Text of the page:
UL FSRI recently had two peer reviewed journal articles published in Fire Techology, that’s a pretty BIG DEAL! Both articles are related to our research exploring exposure risks and potential control measures during live-fire training. The first article centers on fire dynamics cues and thermal risks generated by different fuel loads, while the second article documents airborne chemical gas exposure risks.
In this research, the team tested the impact of five different types of wood-based fuel packages in a single-compartment fire-training structure (i.e., a Fire Behavior Lab) and quantified a range of thermal measures and airborne chemical concentrations. The main takeaways include:
- Different types of wood-based products produced environments with varying consistency in fire dynamics presentation, as well as differences in thermal risks and airborne gas concentrations. This study did not identify a single fuel package that consistently resulted in the lowest thermal or airborne chemical concentrations at the two instructor locations using the Fire Behavior Lab fuel load mounted on the ceiling (we are working on a paper with some of these same fuels used in a ground-based rack, which will be shared as soon as it is available).
- To promote safety in the immersive training environment, the implementation of administrative control measures that impact the way fire instructors operate in this prop (e.g., students/instructors staying lower in the observation area, remaining farther from the fire, moving rear instructor outside the prop (when feasible) and limiting prolonged exposure) can be effective at reducing risk.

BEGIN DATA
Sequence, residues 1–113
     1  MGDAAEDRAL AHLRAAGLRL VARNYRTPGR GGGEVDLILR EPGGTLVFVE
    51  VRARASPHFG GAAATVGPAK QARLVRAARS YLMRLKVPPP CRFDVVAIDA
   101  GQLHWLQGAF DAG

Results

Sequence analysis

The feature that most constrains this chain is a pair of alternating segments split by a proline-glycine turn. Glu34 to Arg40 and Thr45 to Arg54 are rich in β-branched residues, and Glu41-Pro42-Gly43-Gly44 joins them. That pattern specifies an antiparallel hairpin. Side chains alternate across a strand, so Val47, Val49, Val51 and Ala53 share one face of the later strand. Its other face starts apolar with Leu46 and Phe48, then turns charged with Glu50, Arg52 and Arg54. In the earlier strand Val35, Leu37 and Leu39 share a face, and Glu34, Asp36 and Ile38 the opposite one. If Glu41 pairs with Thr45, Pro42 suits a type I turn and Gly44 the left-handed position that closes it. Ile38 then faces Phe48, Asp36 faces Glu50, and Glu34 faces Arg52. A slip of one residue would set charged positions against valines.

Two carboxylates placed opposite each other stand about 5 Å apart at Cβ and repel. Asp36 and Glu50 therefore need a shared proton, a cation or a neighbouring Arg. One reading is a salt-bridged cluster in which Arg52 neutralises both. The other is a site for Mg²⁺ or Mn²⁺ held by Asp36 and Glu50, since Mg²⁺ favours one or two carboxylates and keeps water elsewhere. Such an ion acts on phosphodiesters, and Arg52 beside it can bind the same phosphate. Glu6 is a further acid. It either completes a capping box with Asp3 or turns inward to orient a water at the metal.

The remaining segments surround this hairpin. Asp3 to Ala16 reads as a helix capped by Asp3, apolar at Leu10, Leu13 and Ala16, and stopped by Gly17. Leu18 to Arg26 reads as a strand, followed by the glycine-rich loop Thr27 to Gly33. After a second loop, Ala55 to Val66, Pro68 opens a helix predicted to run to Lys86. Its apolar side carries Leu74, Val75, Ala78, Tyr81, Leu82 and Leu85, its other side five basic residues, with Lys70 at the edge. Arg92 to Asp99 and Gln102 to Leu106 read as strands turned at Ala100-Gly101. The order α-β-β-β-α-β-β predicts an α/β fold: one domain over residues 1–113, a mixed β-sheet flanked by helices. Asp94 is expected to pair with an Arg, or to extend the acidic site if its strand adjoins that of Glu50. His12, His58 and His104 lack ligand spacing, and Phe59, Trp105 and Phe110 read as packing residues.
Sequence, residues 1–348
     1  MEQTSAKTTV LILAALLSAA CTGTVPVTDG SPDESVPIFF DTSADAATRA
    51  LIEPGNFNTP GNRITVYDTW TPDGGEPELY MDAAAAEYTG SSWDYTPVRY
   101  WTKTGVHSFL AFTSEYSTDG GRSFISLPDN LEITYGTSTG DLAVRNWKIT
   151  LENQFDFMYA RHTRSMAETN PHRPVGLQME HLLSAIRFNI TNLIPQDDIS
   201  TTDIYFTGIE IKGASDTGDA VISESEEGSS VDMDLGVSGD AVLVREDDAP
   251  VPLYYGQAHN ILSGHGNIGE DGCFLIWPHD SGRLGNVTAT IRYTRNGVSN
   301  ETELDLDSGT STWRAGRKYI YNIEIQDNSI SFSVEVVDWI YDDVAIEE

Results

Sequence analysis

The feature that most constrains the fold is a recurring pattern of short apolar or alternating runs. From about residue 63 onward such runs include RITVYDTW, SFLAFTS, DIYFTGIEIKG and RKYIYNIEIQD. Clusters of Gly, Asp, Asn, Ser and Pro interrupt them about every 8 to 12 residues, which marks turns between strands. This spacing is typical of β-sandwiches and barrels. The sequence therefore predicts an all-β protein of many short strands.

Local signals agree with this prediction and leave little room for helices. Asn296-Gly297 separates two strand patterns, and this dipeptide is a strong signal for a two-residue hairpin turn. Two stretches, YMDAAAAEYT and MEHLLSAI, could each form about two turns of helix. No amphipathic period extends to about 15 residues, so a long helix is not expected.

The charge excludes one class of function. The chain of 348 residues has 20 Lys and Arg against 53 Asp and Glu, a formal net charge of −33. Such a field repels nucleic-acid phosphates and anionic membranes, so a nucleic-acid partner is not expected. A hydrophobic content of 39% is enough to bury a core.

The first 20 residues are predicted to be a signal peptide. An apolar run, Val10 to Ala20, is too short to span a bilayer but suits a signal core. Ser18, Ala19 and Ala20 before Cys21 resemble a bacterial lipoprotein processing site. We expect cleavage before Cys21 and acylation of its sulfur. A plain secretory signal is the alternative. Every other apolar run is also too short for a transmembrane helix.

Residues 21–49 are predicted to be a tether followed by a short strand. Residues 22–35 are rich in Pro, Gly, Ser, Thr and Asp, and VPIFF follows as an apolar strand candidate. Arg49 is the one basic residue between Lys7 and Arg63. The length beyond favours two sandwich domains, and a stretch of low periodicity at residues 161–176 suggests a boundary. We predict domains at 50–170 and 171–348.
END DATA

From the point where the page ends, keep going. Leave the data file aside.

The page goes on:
- Characterizing the fire dynamics, thermal conditions, and gas concentrations within the Fire Behavioral Lab allows instructors to gain a better understanding of the health and safety hazards associated with the environment, which is essential to consider when balancing the risks and benefits of live fire training.
This research builds off previous studies from FSRI, including the Study of the Fire Service Training Environment: Safety, Fidelity, and Exposure and the Cardiovascular and Chemical Exposure Risks on Today’s Training Ground. Collaborators for the manuscripts included Kenny Fent from NIOSH and Summer Neumann from UL Solutions, along with technical panel members from 18 fire service and safety organizations around the US.